Emergency Trip to the Vet

Until I was the owner of a beautiful German Shepherd, Moo, I actually didn’t know that chocolate is toxic to dogs and can cause death.

Since the arrival of Moo, I have been so careful with where I leave chocolate around the house. When she was a puppy is wasn’t so bad because she couldn’t reach most surfaces but now that she is the size of a grown adult human standing on her back legs, she can reach the same things that I can.

So I went shopping yesterday and treated myself to some chocolate from Treats from Home – a shop that sells chocolate and other things from England – I bought myself a Caramac.

Now for those who don’t know what a Caramac is; It is a beautiful caramel flavoured chocolate that melts in your mouth and makes you relive your childhood in 5 seconds. It is amazing. My mum used to buy me them when I was little.

So I got in from shopping and left my bag on the table. Now our table is pretty high and Moo can only usually get her front paws on the top. For some strange reason, when a Caramac is involved, she somehow grows an extra two feet and gets the bar out of my bag during the night.

I wake up this morning and she is sat in her bed munching on a red and yellow wrapper. I walk over wondering what she managed to find in the garden this time, but no!

There it is. A 3/4 eaten Caramac wrapper. No chocolate to be found. She obviously liked it because she is trying her hardest to eat this little bit of plastic wrapper as well.

I grab it off her and panic kicks in.

I’m googling everything.

Why is chocolate toxic?
How much chocolate kills a dog?
Is my dog going to die?
How long does it take?
Can I save her?

So I phone the vet.

Luckily they’re open for 2 hours in the morning on a Sunday. Luck is on my side!

They tell me to bring her in straight away!

I run into my room, grab my 8 year old Ugg boots and shove them on my feet. I realise I’m only wearing my pyjamas so I quickly pull a large pair of tracksuit bottoms on and grab my bag.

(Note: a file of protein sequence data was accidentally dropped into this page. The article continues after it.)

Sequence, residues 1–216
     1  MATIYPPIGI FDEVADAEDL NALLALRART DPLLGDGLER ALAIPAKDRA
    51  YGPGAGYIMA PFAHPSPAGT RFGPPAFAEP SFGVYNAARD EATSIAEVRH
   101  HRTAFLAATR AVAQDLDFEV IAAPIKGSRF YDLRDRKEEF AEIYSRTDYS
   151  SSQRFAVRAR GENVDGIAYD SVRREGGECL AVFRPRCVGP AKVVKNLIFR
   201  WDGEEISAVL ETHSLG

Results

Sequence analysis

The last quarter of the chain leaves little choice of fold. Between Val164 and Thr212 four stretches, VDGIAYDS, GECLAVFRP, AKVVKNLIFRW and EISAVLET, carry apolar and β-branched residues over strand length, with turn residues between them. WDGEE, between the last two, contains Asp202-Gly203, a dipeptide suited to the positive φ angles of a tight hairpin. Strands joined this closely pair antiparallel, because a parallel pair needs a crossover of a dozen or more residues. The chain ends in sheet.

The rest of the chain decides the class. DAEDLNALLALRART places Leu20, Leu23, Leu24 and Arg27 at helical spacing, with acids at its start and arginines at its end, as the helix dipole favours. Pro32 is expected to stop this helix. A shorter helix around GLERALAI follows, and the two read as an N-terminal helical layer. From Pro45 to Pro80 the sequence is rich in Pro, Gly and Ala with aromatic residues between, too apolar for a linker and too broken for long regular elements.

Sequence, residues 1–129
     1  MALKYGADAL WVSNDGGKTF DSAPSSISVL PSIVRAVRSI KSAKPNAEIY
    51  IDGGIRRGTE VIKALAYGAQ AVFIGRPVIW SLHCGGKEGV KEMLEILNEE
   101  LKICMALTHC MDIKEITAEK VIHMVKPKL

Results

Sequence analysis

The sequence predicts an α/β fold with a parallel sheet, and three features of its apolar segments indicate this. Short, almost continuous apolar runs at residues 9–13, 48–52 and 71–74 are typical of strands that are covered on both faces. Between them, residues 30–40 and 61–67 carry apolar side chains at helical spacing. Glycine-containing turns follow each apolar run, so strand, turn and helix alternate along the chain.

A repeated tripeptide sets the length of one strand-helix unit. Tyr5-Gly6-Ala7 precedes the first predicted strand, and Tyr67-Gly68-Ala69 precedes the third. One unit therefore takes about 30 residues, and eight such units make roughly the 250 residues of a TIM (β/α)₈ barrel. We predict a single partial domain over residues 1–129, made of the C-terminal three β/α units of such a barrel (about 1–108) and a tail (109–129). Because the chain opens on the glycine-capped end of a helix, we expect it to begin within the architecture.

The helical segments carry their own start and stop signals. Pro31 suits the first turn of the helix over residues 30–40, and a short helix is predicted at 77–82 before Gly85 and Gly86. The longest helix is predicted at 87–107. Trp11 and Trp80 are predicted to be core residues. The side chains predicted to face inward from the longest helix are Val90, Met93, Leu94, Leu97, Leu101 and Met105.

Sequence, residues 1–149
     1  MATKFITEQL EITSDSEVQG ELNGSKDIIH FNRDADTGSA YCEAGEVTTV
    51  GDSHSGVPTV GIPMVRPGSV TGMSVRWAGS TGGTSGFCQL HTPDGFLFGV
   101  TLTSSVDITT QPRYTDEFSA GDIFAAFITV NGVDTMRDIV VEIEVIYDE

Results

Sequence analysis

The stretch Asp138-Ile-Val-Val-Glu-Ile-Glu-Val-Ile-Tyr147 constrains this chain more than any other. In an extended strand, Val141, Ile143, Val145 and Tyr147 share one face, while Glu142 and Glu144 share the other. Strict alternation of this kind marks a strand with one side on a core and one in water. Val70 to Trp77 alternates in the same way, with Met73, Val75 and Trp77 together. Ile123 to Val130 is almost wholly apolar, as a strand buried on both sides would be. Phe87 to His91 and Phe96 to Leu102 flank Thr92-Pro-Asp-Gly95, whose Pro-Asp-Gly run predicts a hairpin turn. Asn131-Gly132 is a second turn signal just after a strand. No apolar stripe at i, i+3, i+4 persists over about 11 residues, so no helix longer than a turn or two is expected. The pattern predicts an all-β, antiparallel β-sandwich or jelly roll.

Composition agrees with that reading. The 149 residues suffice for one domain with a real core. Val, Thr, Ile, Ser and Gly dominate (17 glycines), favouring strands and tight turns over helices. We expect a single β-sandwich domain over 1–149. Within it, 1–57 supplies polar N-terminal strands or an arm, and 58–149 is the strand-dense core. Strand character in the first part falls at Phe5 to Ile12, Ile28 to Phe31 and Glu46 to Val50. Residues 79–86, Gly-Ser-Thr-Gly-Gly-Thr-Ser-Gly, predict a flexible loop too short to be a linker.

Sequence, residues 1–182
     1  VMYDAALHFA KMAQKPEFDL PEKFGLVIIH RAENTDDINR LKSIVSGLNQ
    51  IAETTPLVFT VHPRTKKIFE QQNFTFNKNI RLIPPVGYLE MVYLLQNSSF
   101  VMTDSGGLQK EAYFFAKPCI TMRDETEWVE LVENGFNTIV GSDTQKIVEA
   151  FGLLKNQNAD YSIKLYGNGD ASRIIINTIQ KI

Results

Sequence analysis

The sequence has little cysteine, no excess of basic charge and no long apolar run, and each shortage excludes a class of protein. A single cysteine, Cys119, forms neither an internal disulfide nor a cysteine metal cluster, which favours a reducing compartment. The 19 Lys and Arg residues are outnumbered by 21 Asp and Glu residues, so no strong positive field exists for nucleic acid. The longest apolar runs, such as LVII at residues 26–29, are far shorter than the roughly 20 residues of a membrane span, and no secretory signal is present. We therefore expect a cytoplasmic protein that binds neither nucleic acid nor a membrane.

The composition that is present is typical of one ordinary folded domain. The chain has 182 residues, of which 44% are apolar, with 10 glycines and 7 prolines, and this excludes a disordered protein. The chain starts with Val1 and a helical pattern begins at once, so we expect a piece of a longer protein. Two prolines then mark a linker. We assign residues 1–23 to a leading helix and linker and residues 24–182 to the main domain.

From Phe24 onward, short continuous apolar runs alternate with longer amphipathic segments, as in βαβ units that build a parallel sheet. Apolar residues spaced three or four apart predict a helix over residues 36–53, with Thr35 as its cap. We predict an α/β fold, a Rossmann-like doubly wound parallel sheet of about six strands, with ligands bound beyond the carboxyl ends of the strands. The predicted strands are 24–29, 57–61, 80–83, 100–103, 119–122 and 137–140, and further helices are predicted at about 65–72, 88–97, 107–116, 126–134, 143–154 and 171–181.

I get the lead but then Moo and Lucy think I’m taking them for a walk. Oh no! Not now!

It takes me a few minutes to get Moo to sit still and stop jumping everywhere to put the lead on. She runs to the car thinking we are now going to the beach.

I quickly drive to the vets which is luckily only about 4 minutes away in the car.

We get out, and walk the few meters to the vets.

Moo starts jumping and whining and getting all excited. She tries to grab a packet of treats from the counter (she can reach it now) I pull her down and get her to sit.

Finally after what feels like forever, the vet calls us in.

He tells me that Moo should be ok but he’s going to inject her with something so that she throws up.

I have to practically sit on her so he can inject her.

He then leads us into the walkway outside so that she can vomit.

She wanders around for a bit. Looking all innocent like butter wouldn’t melt.

Then she walks over to the door way and I can see it.

Her tummy starts contracting and in slow motion I try to get her to move away from the step but there it is.

Projectile yellow vomit all over the door and step.

She then takes about 5 minutes to throw up the last of her tummy contents.

She’s sat there on the cold floor, a look of despair in her eyes, her usually pointed ears drooped at the side as though giving an excellent impression of Yoda from Star Wars and she turns her back towards me.

I can tell I’m going to be in for a long day of apologising.

The life of a German Shepherd owner.


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